Adrenaline is an essential neurotransmitter that is released as part of the fight-flight response. It enables our body to get us to safety, shut down non-essential functions, and make sure the muscles needed for flight or flight get activated. Cortisol, a hormone, is also essential for the alarm system to function optimally.

Unfortunately, over extended periods of time, the alarm system can go into over-drive, and this is one factor that can lead to re-experiencing memories, flashbacks, hypervigilance, being on edge all the time, feeling anxious and panicky when reminded of the traumatic event, struggling with sleeping and having nightmares.

Making neurotransmitters (like dopamine or serotonin) and hormones (like cortisol) requires micronutrients, which are numerous kinds of vitamins and minerals. This is a well-established scientific fact. Micronutrients like zinc, calcium, magnesium, iron, and niacin are all essential for making neurotransmitter chemicals for the brain and the body. If your body is depleted of these nutrients, then either it won’t have sufficient nutrients to make these essential chemicals, or it will redirect all resources to the fight-flight response (as it is so vital for survival) and there won’t be much left for ensuring optimal brain function to do things like concentrate, regulate moods and sleep.

Consequently, as micronutrients get depleted at a high rate during times of stress, we need to replenish them in greater quantity from our food (and perhaps other sources).

Where can we get these micronutrients from?

Answer: Nutrient-dense foods; real food, not ultra-processed foods.

Compare a banana to a cookie; one obtains far more of these micronutrients (like potassium, magnesium, folate) that are required for brain function from a banana. Eating kale chips over potato chips would also provide more nutrients. Reaching for a carrot stick and dipping it in hummus would be better for your brain than gorging down a commercial meat pie (although meat pies can be healthy if they contain lots of vegetables too). Choosing nuts and seeds over pretzels would also give you better brain food.

Overall, to cope well with stress your goal should be to increase intake of plant food and food high in nutrient density while still getting adequate protein, fats and carbs. Fish is a great source of protein and of essential fatty acids, which are also vital for brain function. In eating these types of foods, you would be shifting your diet from a Western type of diet (ultra-processed, high in sugar) to a Mediterranean-style diet (high in fruits and veggies, fish, nuts, healthy fats and low in processed foods).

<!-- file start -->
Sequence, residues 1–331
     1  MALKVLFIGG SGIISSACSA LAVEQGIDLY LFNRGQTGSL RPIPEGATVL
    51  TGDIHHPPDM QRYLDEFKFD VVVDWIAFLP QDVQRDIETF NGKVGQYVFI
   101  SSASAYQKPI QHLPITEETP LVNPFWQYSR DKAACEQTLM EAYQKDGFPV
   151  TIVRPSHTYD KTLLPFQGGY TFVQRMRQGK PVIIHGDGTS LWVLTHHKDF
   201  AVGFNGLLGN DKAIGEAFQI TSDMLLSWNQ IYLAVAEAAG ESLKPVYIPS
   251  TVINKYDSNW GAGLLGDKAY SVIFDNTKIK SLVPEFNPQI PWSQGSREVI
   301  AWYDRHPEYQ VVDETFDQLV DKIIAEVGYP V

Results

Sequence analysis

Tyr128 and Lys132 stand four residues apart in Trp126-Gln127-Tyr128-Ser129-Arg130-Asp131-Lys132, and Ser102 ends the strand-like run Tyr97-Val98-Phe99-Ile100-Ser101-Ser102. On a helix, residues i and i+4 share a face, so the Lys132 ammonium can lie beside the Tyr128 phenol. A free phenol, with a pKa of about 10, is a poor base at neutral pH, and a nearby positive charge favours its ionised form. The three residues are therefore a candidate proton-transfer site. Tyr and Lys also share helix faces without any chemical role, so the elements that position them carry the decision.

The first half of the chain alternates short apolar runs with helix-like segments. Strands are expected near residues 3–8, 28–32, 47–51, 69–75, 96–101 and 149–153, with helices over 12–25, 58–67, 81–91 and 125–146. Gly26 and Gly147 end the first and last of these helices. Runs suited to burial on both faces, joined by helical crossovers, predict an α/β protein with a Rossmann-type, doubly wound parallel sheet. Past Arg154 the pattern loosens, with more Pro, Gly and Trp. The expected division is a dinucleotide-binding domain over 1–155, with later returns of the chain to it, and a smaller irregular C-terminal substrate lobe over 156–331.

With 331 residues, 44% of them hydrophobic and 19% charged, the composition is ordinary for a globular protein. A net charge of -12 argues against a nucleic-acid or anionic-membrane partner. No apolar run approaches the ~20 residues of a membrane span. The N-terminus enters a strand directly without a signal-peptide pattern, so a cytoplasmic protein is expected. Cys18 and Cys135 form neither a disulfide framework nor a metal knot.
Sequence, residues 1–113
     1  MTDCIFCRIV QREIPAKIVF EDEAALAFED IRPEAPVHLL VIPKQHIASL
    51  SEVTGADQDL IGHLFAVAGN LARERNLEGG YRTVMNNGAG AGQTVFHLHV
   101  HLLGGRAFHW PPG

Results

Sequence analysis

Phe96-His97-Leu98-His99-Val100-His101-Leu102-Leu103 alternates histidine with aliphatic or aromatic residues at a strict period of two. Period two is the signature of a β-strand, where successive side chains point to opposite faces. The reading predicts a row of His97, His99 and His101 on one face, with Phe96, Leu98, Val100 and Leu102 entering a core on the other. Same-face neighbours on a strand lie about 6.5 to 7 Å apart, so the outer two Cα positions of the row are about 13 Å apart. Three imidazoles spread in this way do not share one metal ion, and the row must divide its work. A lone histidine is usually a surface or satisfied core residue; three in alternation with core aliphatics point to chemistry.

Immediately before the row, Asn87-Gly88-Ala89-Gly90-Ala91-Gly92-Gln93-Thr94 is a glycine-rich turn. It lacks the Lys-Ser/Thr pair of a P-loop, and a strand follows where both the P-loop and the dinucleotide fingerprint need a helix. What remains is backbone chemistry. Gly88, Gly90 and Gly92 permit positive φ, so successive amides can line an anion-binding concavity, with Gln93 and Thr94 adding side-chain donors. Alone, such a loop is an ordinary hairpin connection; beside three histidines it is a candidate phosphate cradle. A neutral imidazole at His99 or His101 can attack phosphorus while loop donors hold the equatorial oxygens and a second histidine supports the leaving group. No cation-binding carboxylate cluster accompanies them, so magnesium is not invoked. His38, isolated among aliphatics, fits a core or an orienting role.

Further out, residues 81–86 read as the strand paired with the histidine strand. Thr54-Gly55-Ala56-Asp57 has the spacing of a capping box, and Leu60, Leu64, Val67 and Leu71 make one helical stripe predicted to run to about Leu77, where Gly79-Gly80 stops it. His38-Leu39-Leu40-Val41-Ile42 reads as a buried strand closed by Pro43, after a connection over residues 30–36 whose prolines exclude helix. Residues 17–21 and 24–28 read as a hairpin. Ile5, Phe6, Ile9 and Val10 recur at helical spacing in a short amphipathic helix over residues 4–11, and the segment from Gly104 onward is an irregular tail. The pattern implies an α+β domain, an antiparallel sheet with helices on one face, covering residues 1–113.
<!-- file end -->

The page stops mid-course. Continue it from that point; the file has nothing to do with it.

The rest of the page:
Therefore, stop counting calories and start focussing on nutrients, especially nutrients that are good for your brain!

Would this be sufficient to sooth the over activated alarm system in a situation of high and chronic stress? Possibly, although some people might need more nutrients than what they can get out of their diet, even if it is a healthy one. There are many reasons for this, some of which reflect reduced nutrient density in modern foods, some of which are due to our own specific genetic make-up, and some have to do with the health of our microbiome (the millions of helpful bacteria that live inside us, especially in our gut).

If you do need to consume more nutrients than what you can source from your diet, or you are struggling with cooking due to your particular circumstances and the stresses you are experiencing, or you are time poor because of family or work demands, what do you take in terms of a supplement? Research from the Mental Health and Nutrition Lab in Christchurch, NZ found that following the Christchurch earthquakes as well as other research on stressed communities shows that B vitamins in particular can be helpful. A recently published meta-analysis confirmed the positive effect of B vitamins on reducing stress. In addition, some may find reduction of intrusive thoughts require additional minerals as well.

Basic tips

  1. Start with whole foods diet approach including good fats, nuts, seeds, fish, modest amount of meat, vegetables, fruit, whole grains
  2. Shifting towards eating “real” as opposed to processed foods naturally eliminates unnecessary food additives such as artificial colors, flavors, sweeteners and preservatives that do not add nutritional value and may contribute to psychiatric symptoms in some people
  3. Limit sugar intake (sugar is everywhere in processed foods, energy/fizzy drinks – look at labels to spot the hidden sugar)
  4. Watch caffeine and alcohol intake doesn’t creep up
  5. Eat a good solid nutrient-dense breakfast: e.g., omelette with vegetables, muesli (oats, nuts, raisins) with milk, yogurt, fresh fruit
  6. Aim for 80:20. That is mostly real food but still enjoy treats! And when you do, savour them!

Being in lockdown for some might mean having a lot of extra time on your hands. Maybe take the opportunity to try new recipes, learn what to do with chick peas or how to cook beans, make bread, yogurt or cheese, But overall focus on what you can control. And when it all gets a bit too much, focus on your breath. It is amazing what a few deep breaths, slowly inhaling, holding and exhaling, can do to calm the mind.

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This project has received funding from the European Union’s Horizon 2020 research and innovation programme under grant agreement No 728018

New Brain Nutrition is a project and brand of Eat2BeNice, a consortium of 18 European University Hospitals throughout the continent.